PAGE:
Megan Thee Stallion Champions the Fight for Black Women in New Op-Ed

Megan Thee Stallion tackled the myriad ways black women remain “disrespected and disregarded in so many areas of life” in a new op-ed for The New York Times.

Opening her piece by noting that black women are once again expected to play a pivotal role in electing Democratic candidates this year, Meg moved between the personal and the global to show how this power at the polls is rarely met with meaningful change in the way black women are treated and viewed by society.

Meg opened by talking about the act of violence perpetrated against her when the rapper Tory Lanez allegedly shot her twice as she walked away from him in July. (Lanez was not named in the piece; he was recently charged with assault in the incident.) Megan said she initially chose to remain silent about the attack out of fears that were ultimately borne out as

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Hospital workers caught on video in vicious MMA-style fight

Two workers in a London hospital have been filmed in an MMA-style brawl, wrestling each other to the ground in what appears to be the hospital restaurant.

Footage shows the women ignoring social distancing as they engage in the fight, The Sun reports.

At the beginning of the clip, believed to have been filmed over the weekend, the workers can be seen squaring up to one another.

One of the women, who is wearing blue scrubs with her mask pulled down, points her finger and shouts at the other.

Her colleague then yells back at her, towering over her with her hands on her hips.

One of the workers then lashes out by hitting the other, a move quickly returned by her colleague.

RELATED: Patient allegedly assaults Westmead hospital staff

The fight rapidly erupts into a trade of blows as the workers wrestle each other to a cafe bench.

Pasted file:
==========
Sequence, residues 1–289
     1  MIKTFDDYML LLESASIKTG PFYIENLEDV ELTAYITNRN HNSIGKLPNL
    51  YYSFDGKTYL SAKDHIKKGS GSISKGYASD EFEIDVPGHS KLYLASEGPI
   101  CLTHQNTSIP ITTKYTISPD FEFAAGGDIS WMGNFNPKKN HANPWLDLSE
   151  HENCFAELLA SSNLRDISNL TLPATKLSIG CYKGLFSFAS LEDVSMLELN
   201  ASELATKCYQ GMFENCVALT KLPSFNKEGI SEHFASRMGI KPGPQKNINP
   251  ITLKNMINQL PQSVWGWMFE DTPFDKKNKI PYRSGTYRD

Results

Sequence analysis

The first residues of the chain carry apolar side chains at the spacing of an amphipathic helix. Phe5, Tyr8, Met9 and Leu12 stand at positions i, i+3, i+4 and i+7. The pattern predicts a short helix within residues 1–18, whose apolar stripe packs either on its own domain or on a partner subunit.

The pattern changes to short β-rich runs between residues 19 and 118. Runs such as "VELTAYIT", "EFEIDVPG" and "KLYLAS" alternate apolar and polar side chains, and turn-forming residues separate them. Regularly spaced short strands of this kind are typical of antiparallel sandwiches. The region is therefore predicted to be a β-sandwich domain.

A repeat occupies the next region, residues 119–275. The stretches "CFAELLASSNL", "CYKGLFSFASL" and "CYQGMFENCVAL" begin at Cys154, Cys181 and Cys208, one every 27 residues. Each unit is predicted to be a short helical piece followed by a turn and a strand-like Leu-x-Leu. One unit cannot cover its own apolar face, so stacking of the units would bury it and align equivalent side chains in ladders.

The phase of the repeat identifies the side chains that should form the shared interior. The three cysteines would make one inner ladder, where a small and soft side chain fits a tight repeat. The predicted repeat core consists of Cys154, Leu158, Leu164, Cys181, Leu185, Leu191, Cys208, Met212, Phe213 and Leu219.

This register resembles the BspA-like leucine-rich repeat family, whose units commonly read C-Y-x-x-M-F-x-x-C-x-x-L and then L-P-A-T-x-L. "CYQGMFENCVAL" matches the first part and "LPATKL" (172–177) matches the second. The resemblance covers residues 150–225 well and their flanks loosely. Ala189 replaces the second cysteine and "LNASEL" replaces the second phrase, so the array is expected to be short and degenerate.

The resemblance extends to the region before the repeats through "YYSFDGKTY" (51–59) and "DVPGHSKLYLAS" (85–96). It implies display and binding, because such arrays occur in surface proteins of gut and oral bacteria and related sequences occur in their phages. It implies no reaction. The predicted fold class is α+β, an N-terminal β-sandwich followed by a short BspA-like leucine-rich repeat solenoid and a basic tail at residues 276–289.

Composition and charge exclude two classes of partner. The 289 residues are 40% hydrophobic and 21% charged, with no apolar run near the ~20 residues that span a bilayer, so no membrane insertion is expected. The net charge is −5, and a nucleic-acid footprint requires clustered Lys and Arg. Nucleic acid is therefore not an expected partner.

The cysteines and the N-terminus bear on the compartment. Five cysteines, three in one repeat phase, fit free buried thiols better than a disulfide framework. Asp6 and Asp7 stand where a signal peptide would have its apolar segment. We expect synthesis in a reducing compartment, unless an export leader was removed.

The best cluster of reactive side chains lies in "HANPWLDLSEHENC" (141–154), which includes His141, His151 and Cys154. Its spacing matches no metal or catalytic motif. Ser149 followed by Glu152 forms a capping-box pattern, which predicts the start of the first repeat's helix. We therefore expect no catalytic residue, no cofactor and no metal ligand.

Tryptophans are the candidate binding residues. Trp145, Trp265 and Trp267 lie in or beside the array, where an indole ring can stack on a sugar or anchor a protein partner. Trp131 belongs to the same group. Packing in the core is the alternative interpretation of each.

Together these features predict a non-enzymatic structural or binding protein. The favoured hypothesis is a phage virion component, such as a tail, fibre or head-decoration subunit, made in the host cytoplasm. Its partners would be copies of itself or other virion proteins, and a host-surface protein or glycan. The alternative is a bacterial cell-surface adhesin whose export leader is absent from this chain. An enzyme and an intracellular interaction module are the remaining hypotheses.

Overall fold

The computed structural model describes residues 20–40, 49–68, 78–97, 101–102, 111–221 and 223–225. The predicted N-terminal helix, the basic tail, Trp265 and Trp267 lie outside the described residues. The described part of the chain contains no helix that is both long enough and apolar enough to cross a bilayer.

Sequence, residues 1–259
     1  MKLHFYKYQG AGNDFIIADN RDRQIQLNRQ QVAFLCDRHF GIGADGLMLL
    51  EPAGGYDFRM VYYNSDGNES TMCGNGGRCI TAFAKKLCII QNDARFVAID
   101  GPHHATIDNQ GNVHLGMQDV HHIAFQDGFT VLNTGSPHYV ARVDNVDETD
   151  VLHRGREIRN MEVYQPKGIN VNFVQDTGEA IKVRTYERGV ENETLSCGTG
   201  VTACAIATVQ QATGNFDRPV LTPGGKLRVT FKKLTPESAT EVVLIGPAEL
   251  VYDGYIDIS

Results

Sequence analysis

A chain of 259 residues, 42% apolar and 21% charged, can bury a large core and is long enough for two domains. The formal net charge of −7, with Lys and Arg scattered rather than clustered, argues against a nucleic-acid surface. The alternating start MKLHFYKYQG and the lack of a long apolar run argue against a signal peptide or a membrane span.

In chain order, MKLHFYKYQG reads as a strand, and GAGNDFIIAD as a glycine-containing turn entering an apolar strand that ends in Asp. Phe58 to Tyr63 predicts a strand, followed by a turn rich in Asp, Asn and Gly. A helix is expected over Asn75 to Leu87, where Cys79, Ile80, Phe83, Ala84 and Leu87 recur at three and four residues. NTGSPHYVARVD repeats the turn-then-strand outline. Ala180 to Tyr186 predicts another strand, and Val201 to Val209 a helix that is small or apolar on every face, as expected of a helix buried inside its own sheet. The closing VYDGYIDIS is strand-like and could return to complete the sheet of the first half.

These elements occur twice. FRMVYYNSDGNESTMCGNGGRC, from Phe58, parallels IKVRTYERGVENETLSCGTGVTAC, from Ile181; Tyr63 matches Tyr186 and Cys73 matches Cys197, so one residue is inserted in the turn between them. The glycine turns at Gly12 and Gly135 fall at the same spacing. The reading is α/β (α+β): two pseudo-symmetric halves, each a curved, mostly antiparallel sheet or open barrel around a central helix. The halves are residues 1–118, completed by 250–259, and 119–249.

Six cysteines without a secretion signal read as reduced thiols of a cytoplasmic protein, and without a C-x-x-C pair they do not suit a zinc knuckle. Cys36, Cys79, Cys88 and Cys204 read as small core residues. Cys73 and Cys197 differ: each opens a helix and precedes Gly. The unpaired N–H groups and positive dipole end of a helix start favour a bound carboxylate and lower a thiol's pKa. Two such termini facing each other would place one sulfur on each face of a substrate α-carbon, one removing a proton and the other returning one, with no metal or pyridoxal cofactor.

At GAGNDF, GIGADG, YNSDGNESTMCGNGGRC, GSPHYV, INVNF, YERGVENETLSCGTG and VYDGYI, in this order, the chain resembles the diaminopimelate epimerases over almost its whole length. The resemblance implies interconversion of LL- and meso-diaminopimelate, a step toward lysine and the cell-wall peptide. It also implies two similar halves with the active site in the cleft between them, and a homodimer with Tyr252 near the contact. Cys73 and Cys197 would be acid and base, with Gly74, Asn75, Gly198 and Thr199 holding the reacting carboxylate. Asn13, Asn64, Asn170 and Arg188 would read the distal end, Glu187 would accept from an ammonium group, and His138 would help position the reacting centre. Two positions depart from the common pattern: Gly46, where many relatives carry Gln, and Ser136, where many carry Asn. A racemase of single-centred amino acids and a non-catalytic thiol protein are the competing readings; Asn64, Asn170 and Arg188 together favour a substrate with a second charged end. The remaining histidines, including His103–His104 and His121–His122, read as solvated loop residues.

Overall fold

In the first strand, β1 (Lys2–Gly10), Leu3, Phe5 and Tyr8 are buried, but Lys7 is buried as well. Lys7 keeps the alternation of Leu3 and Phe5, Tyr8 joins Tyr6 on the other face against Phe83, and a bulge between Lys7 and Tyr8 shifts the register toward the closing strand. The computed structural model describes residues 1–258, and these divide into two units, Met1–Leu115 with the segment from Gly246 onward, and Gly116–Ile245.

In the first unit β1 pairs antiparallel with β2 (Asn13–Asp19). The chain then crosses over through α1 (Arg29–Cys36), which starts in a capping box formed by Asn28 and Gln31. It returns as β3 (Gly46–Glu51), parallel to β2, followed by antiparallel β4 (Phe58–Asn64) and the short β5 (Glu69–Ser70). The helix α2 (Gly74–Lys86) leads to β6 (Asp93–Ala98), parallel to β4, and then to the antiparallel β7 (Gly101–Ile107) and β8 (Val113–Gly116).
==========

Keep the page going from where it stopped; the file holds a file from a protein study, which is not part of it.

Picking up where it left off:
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Fight back against the competition with your Google Shopping Ads this holiday season

Fight back against the competition with your Google Shopping Ads this holiday season

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As Women Fight to Maintain Progress, Companies Need to Reimagine How They Operate

For years, American corporations tried to increase job flexibility with scant success. The pandemic ushered in more flexibility, along with added responsibilities and few boundaries. For women, who typically shoulder more duties at home regardless of their breadwinning status, that has felt less like freedom than pressure to be always on.

We’re seeing the consequences in our sixth annual Women in the Workplace study, a joint effort by McKinsey & Co. and LeanIn.Org that is the largest annual benchmark of women’s progress in American corporations. More than one in four women say they may now quit or scale back their jobs. Among women at the managerial level and above, 30% want to step down or out. As a group, women could lose more than five years of gains across the career pipeline.

This is not simply a pause on the road to a more equitable workplace. This year’s report finds

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